Charles Tailfeathers walks on
By Dean Rhodes
Smoke Signals editor
Charles “Shadow Walks” Tailfeathers, a fixture at numerous Veterans Summits and Marcellus Norwest Memorial Veterans Powwows held in Grand Ronde, walked on on Saturday, Aug. 15, at St. Charles Medical Center in Bend.
Tailfeathers (Cree/Blackfeet) was a Vietnam War-era Naval Construction Battalion “Seabees” veteran who worked for the Native Wellness Institute in Gresham and served on its board of directors.
He was credited with being the “visionary” behind the Veterans Summit that started being held annually in July 2013 at uyxat Powwow Grounds in Grand Ronde.
“For more than 15 years, Charlie served the Native Wellness Institute, traveling to Tribal communities, sharing his Elder wisdom and teachings, and helping others to find healing,” says a statement posted on the Wellness Institute’s Facebook page. “He was an anchor and a rock to the staff and board; often helping each of us through life’s challenges and celebrating our victories.”
“Charlie was not only just a good guy, but an imposing figure within the Tribal community,” said Grand Ronde Tribal Council member Steve Bobb Sr., who is a Vietnam War-era Marine Corps veteran. “He was committed to his people and to the care and well-being of veterans. He was looked up to by many and one of those Elder leaders that when he spoke, you listened. His presence at our powwows was always a joy and his passing will leave a hole for years to come.”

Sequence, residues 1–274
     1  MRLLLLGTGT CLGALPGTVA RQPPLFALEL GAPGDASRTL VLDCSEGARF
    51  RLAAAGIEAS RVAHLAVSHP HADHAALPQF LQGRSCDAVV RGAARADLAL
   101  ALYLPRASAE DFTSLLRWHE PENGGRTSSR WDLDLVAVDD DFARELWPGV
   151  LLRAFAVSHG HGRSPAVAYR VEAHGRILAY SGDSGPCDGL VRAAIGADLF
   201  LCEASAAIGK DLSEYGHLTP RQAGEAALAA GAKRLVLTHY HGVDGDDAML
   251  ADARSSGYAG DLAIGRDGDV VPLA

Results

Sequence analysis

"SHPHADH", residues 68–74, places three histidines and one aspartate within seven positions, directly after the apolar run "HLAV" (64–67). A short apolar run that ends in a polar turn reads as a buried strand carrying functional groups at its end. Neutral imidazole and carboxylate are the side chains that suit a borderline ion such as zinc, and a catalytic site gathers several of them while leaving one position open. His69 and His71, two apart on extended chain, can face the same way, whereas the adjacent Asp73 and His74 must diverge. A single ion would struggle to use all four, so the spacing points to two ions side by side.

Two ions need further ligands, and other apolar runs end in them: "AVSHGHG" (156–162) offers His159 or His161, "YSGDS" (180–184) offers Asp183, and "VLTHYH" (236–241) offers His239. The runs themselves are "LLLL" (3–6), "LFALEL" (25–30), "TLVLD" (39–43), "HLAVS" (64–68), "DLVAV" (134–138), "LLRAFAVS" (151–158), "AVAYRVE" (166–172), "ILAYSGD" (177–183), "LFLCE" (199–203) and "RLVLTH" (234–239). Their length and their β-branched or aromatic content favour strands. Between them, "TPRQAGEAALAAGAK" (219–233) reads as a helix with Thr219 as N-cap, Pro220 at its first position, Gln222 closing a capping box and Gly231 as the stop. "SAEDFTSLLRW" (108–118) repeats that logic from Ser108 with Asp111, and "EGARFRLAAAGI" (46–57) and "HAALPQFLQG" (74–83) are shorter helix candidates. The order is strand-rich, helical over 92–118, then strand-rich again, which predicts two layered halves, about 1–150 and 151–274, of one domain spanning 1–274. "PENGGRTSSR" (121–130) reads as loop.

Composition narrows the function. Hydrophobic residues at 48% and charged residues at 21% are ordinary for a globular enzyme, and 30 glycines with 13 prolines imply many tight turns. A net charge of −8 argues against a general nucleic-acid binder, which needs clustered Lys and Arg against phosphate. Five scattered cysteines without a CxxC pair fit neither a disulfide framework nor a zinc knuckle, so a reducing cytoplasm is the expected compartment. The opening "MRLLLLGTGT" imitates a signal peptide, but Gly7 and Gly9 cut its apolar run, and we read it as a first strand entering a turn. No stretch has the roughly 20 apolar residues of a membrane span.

Tailfeathers earned a bachelor’s of applied science from Lane Community College in Eugene in Traditional Values and Customs and worked for 20 years for the Confederated Tribes of Warm Springs, where he assisted in creating a family wellness court system. In addition, he served as vice president of the Warm Springs Veterans Memorial Park Committee
He also served as a Victim of Crime advocate, Elders advocate and Juvenile advocate. He provided training and technical assistance to Tribal court systems and offered Native wellness and healing training in Indian Country for more than 35 years.
“Charlie touched the lives of thousands of people,” the Wellness Institute’s Facebook statement says. “He always incorporated cultural values into everything he did as he knew our culture held all of the answers that we needed.”
Tailfeathers appeared in a YouTube video called “Trail of Life” that was posted on May 21. It can be viewed at www.youtube.com/watch?v=jUBaFnS-SLE.
He was born on Feb. 1, 1945, and was buried on the Warm Springs Reservation, the homeland of his wife, Nancy, on Sunday, Aug. 16. He was an enrolled member of the Blackfeet Nation located in Browning, Mont. He is survived by children, grandchildren and great-grandchildren.
The Grand Ronde Tribal Council held a moment of silence in Tailfeathers’ memory during its Tuesday, Aug. 18, Legislative Action Committee hearing.
“He loved Grand Ronde, the people, the way the Tribes care for their people and all of the gatherings,” said Native Wellness Institute Executive Director Jillene Joseph.